Cultural appropriation v.s. Cultural appreciation

What’s the Difference?

What is the difference between cultural appropriation and cultural appreciation? Cultural appropriation is taking advantage of and using cultural aspects for your interests, in other words being inconsiderate toward people’s sacred traditions. In contrast, cultural appreciation is genuinely desiring to learn about different cultures and experience traditions.

Other people’s cultures and traditions are sacred to them, you may not agree or participate in the same manner but this does not at all allow you to be disrespectful to people’s lifestyles. Against contrary beliefs, you can still participate in and support ceremonies or events of a culture you don’t necessarily take part in. By celebrating and respecting the beliefs of others you can experience traditions you would have never before.

Can you participate in traditions that aren’t your own while being respectful?

Specific traditions call for only people of the respective culture to take part, in this case, you can appreciate the tradition without interacting or becoming involved. Nevertheless, many other cultures celebrate and are happy to embrace people of outside ways to enjoy their ceremonies as they do. By involving yourself with other cultures you can broaden your perspective considerably, and begin to appreciate the dedication and majesty of people’s lifestyles.

Quote by Karen Hertzberg (Sofia Diamond)

For clarification in specific cultures, you can participate in a tradition not your own in the most respectful way by only taking part if you’re invited by someone of said culture to partake in a personal or small group event where everyone accepts you as being present. For example, you shouldn’t host your celebration, however, if invited to one by another person you can agree and celebrate alongside them. Always do research beforehand to make sure you can do so considerately.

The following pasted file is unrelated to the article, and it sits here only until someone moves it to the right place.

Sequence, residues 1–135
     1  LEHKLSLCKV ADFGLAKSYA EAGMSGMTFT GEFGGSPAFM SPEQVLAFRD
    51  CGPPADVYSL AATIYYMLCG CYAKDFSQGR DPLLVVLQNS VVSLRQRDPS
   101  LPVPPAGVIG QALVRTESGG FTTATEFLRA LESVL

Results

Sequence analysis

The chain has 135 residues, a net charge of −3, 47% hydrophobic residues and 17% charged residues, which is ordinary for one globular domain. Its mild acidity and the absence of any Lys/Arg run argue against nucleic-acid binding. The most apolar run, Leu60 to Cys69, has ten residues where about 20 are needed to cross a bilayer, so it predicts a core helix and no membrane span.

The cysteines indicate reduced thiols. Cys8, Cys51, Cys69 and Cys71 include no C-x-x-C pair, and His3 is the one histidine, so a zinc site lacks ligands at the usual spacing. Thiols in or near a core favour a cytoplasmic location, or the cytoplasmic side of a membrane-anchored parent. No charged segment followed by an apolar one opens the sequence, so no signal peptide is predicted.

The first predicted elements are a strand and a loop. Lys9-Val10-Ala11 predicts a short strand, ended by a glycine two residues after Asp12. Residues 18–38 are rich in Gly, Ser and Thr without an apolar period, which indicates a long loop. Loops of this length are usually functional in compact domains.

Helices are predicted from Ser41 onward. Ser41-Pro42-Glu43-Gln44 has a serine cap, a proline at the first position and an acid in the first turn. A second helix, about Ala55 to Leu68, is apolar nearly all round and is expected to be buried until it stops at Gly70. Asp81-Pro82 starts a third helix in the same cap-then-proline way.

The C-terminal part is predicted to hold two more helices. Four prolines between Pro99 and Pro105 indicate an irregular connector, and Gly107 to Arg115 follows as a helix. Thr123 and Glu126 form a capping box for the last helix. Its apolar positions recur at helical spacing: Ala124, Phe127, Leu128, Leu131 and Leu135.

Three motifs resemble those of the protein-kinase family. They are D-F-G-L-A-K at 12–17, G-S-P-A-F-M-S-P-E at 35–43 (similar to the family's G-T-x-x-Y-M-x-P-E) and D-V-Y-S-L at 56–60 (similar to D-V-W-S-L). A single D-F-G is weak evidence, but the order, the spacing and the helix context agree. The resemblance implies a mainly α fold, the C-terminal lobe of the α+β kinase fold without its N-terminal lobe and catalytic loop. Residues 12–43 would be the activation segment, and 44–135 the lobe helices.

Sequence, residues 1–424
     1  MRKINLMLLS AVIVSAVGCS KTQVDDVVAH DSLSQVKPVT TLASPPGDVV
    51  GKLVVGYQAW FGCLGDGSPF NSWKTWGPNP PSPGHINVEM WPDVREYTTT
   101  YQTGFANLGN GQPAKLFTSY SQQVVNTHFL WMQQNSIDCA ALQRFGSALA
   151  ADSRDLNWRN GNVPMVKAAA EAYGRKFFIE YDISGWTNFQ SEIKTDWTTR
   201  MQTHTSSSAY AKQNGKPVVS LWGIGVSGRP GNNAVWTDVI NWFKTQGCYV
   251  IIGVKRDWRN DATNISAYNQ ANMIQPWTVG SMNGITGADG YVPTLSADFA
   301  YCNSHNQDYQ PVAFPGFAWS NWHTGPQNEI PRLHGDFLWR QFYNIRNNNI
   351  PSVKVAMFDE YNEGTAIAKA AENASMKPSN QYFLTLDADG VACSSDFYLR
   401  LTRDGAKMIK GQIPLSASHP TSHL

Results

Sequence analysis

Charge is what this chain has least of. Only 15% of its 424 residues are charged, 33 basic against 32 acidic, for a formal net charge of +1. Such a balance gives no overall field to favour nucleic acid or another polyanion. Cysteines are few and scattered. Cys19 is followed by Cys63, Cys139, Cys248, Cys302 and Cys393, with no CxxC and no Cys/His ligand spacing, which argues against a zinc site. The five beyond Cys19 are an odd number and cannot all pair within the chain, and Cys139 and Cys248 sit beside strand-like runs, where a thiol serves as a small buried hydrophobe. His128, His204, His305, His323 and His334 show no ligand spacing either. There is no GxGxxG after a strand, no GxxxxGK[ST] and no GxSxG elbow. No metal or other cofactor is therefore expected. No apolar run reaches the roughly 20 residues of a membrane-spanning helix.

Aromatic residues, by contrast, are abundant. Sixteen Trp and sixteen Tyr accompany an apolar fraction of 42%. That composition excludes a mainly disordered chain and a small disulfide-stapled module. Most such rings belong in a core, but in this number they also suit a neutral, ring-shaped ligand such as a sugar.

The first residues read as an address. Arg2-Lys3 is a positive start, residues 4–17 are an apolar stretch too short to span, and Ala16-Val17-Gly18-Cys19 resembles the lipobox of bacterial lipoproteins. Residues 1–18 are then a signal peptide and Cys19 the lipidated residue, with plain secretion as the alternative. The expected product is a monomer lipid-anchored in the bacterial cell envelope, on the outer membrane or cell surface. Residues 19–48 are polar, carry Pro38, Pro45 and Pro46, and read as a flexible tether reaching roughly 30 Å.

Doing your research is always a key element of cultural appreciation, as Sally Myles tells,” Since a culture involves groups of people, it is not enough to get permission from one person to use or wear an aspect of a culture. Likewise, while an individual from that culture may not personally mind if you use or wear it, they are not the spokesperson for an entire culture. It is important to realize that cultural appropriation can disrespect a group much larger than a few individuals.”

Things to Avoid doing/saying:

Before doing something morally wrong, think about your actions and how they could hurt somebody. By mimicking, making fun of, or inadvertently bullying someone of their culture you are disrespecting their ancestor’s history and culture. When buying clothing and accessories with cultural meaning avoid using them for style and make sure to pay tribute to their cultural purposes. Also, research if it is an authentic garment and if the profits are going to the right place. Additionally before using something from another culture think about why you are doing it (is it because it’s stylish or is it because you are curious about the culture it’s from and you want to learn about it and respect it) Avoid wearing things with traditional meanings such as clothing, jewelry, or symbols without knowing their cultural importance and without doing research. Before doing something that is from another culture make sure to think about how you would feel if it was your culture that someone was talking about ng a similar aspect. Put yourself in their shoes.

Quote by Sally Myles (Sofia Diamond)

Something else you should avoid is taking pictures or videos of an important statue or ceremony. Many cultures and religions find it extremely disrespectful and impolite to take pictures of a traditional figure, especially so if you’re posting on the internet. While visiting meaningful cultural sites many of them will tell you not to take any photos or videos, because to them the prominence of being present in front of an important figure is enough of a privilege in itself.

Stereotypes are harmful and disruptive rude conceptions made to fit a minority into a common group, said well by Sally Myles,” Stereotypes are generalizations (positive or negative ones) about all or most people in a cultural group. Stereotypes deny our individuality – all people from a cultural group are NEVER the same.”



Special thanks to Sally Myles, a Teacher Specialist in Diversity, Equity, and Inclusion, for expressing her thoughts and familiarity to help this article be as knowledgeable and considerate as possible. To hear her entire thoughts please look at the article of her reflections below: